"Don't worry, we got you," Joseph said.
Avelina ambled with Joseph and Kayla as her support system. The ride back to the trio's shared home was silent, and when they arrived, Avelina beelined to the shower, trying to clear her mind.
After her shower, Avelina made her way back into her room. She sat on her bed and thought about everything Maya had told her. She had kept a majority of her mother's belongings, though she had never seen the journal before.
She got up and looked under her bed for a wooden box her mother had left behind. Avelina sat on her bed and looked through the box and only stopped to look at her parents' pictures from their own high school days. Try as she might, she could not find a journal in the box. She pushed the box off her bed and heard it fall to the ground with a soft thud. Frustrated, she sighed and stared at the box.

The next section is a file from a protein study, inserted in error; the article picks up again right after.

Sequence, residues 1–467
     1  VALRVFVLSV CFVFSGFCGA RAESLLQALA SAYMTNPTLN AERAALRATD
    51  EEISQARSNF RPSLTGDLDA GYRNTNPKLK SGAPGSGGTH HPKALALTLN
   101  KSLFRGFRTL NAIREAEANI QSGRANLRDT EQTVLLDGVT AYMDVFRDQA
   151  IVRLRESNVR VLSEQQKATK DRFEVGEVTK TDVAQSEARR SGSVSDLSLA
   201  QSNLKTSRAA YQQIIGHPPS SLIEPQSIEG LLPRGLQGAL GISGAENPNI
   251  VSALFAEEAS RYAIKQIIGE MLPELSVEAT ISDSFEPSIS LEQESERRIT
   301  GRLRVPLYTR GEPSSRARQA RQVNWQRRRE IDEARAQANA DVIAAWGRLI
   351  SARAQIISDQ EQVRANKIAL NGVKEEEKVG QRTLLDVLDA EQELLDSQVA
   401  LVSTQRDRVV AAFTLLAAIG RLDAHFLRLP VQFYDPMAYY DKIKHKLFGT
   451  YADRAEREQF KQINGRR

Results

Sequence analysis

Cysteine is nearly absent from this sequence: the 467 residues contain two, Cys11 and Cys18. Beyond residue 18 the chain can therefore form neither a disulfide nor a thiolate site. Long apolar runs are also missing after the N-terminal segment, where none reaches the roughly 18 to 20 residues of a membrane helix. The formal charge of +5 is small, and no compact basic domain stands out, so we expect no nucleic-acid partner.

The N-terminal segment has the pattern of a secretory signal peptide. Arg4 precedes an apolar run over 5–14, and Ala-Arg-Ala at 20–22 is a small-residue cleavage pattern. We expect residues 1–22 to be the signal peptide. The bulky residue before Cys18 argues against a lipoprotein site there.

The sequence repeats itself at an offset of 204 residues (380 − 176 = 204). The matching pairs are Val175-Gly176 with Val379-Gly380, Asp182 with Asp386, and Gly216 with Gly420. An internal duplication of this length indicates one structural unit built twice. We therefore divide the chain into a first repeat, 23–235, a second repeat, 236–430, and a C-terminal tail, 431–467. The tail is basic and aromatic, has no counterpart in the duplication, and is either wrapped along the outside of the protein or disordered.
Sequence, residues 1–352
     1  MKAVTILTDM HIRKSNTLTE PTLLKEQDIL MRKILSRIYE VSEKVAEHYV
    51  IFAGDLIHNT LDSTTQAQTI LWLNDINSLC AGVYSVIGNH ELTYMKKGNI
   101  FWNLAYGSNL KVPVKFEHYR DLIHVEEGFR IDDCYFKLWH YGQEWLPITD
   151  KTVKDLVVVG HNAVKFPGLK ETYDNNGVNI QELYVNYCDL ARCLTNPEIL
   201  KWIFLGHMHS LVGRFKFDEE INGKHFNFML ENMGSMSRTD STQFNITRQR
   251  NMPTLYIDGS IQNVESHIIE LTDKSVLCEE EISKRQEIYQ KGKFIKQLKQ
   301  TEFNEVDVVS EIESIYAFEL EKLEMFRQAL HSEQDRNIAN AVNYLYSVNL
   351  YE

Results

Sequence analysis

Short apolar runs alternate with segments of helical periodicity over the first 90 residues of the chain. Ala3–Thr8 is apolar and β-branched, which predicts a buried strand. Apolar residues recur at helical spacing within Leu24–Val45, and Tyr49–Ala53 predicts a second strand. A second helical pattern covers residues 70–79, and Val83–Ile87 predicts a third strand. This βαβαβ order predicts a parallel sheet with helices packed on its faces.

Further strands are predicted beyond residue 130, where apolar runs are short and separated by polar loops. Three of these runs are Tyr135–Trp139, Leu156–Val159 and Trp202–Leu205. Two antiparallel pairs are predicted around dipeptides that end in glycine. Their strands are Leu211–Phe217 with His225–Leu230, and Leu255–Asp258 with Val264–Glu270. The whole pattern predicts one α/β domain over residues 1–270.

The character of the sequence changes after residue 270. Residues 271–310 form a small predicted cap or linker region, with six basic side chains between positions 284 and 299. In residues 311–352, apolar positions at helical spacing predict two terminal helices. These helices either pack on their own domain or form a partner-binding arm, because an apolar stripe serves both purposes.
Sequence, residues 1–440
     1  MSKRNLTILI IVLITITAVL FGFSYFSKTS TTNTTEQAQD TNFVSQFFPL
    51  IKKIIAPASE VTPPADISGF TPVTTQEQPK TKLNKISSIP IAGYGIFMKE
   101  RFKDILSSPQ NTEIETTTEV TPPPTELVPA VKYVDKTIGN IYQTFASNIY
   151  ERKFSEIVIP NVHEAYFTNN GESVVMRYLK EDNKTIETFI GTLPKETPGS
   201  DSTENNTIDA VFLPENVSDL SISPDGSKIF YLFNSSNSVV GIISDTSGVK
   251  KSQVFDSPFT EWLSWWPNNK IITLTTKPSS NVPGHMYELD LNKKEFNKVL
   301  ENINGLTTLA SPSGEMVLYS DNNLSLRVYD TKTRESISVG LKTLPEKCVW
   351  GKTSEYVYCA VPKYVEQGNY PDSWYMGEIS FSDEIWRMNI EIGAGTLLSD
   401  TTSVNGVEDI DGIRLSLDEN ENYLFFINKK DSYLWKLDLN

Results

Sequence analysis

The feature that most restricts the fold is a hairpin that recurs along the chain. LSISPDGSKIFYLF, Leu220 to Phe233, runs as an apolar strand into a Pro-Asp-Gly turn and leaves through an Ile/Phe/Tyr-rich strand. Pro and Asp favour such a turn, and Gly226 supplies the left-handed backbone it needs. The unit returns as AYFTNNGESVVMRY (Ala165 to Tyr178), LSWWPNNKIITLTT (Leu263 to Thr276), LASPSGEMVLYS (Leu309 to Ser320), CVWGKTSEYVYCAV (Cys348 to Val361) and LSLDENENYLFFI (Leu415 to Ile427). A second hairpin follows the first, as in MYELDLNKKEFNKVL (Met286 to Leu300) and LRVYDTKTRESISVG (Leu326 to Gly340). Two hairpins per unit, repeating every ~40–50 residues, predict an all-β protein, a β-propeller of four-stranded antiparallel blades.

It looked a lot bigger on the outside than it was on the inside, she noticed. She grabbed the box again and shook it and heard a slight thump as something moved inside it. Her eyebrows furrowed as she opened it again and knocked on the bottom of the box. It was hollow, she realized, and she picked at a corner of the bottom and tried to lift it up.
It took her a few tries, but she lifted the box's bottom and was surprised to see a small brown leather journal in the small space.
"What?" she whispered to herself as she grabbed the journal. As she began to read through the first few pages, she realized Maya had been telling the truth. Through her mother's elegant handwriting, she read about her first encounter with a spirit.